Hummingbird listening to “She’s Always a Woman” and thinking that Billy Joel needs better mate selection criteria.
One of these things is not like the others. One of these things just doesn’t belong.
It’s Gary, the cormorant on the far left. He’s actually supposed to be in the morning Pilates class, but he had a schedule conflict, so they let him into this one today.
Without surface tension, this photo would not be possible.
Surface tension is necessary to create cellular membranes and without single celled organisms, flamingos could not have evolved.
Giraffe trying, and failing, to make an elephant shadow puppet.
Just imagine how much faster she’d be able to go if she weren’t forced to wear the mutant power suppression collar.
For those needing a reminder that the sky is not always white on white.
Bali Mynah preparing to call into the talk radio show to express his opinion on the state of the nation.
Big horn sheep expressing his opinion on the precognitive abilities of groundhogs.
This Congo peafowl is trying out new a pickup line:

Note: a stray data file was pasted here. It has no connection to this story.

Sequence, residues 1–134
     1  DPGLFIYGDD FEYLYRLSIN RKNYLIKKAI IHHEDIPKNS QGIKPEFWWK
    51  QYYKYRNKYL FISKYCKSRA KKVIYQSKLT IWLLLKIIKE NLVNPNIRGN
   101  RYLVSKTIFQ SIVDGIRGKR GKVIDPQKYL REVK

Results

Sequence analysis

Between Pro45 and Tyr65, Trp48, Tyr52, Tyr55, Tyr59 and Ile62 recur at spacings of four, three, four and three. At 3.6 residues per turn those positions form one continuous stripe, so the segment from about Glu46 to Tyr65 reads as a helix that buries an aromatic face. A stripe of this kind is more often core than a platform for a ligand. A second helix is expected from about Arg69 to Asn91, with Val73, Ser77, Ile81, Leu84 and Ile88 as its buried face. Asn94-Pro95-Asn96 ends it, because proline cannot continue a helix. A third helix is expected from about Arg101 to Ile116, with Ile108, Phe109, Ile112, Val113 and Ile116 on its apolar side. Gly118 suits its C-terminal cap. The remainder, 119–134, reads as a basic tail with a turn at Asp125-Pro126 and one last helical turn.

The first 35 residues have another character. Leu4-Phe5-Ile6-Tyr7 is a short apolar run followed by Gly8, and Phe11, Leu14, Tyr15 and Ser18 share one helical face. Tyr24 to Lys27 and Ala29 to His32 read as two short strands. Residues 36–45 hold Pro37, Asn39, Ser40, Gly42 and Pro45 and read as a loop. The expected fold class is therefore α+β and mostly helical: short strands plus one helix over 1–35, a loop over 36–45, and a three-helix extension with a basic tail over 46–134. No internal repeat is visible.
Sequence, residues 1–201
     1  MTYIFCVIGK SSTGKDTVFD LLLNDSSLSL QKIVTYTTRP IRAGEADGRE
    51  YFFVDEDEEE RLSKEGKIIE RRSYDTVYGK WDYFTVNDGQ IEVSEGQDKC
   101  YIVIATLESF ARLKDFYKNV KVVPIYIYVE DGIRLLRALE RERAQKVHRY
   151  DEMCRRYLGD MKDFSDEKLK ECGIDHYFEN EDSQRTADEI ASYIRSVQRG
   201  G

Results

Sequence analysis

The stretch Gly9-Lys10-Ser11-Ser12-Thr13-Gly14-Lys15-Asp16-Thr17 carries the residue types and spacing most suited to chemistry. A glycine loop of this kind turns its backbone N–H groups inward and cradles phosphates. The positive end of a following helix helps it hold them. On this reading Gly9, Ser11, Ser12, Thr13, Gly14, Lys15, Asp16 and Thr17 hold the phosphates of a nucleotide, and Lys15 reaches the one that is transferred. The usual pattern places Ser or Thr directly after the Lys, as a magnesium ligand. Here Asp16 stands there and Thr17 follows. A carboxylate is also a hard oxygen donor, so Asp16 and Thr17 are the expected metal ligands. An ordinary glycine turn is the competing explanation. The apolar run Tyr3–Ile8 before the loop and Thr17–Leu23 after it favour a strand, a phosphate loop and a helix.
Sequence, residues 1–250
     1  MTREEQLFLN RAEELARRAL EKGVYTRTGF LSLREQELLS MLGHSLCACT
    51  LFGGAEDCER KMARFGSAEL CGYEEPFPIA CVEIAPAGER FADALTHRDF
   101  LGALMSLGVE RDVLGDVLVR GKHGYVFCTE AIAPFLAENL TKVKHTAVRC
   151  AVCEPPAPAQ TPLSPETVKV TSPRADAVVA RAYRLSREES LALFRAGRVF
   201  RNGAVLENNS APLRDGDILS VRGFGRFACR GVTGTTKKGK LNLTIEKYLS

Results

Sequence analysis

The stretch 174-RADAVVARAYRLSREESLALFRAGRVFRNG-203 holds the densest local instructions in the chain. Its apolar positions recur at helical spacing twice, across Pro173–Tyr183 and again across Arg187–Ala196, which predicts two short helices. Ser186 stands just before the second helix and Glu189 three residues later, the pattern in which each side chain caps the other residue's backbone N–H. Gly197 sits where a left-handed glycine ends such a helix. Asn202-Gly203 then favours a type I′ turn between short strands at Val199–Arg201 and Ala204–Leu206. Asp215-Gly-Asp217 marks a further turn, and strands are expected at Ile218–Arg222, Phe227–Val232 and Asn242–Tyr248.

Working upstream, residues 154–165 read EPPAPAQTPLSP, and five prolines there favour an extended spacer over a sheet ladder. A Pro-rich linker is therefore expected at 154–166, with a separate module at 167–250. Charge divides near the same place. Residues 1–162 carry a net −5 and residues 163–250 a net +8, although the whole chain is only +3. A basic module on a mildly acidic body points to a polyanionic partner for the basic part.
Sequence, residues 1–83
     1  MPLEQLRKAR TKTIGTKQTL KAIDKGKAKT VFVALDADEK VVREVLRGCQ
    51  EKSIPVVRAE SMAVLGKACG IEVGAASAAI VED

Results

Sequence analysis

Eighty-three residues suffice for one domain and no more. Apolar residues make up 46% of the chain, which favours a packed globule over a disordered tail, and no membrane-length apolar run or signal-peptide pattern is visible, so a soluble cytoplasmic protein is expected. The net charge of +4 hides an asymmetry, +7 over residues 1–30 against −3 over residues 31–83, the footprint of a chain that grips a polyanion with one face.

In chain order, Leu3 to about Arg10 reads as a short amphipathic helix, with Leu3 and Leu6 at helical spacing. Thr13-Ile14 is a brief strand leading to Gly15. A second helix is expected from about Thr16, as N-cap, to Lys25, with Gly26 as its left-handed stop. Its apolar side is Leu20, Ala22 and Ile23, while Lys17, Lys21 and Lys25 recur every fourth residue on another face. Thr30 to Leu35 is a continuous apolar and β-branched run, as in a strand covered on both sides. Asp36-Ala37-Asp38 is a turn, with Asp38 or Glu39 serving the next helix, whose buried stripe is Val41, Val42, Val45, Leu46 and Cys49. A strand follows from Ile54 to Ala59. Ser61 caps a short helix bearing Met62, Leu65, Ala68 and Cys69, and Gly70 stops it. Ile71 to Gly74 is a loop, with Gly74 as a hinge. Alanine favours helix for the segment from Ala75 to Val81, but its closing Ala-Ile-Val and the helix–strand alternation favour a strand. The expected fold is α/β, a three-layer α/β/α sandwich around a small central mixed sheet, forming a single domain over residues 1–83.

“Hey baby, did you know that GDPR is forcing LinkedIn into greater privacy transparency? Check out https://www.linkedin.com/psettings/data-research to lock down your fine fine data.”
For some reason, it’s not working as well as he hoped.
Parrot that remembers when there was a spike of implausible headlines on April 1 and that misses life before November 8, 2016.
Trying to decide whether to bargain for musical talent, political power, or unlimited knowledge and worldly pleasures.
Will probably settle for sunflower seeds.
They say that crocodilians have survived unchanged since the time of the dinosaurs. This isn’t true for two reasons.
There are no living crocodilians that are millions of years old, and death is a pretty significant change.
Koala about ready to start writing a letter to the editor.
Happy hump day.
(’cause tortoise shells look like humps. What did you think I meant?)
According to the birds of the world site, the chestnut breasted malkoha eats “insects, including caterpillars (hairy and hairless)”.
So if you’ve got a caterpillar problem, you’re in luck. These guys can cover the entire situation.
DeBrazza monkeys use tahrir, a form of oscillating yodeling, to communicate with other monkeys and coordinate between themselves as they tend their flocks.
This is an interactive caption.
Please comment with the sound effect you think penguins say under their breath when they dive.
They told him he could save three years with good behavior.
Good behavior sure seems hard these days.
According to the books, Bali Mynah males attract females by calling loudly and bobbing up and down.
I guess it’s nice to know that high school is inflicted on all species equally.
It’s a little known fact that Dante’s third circle is also chock full of starlings.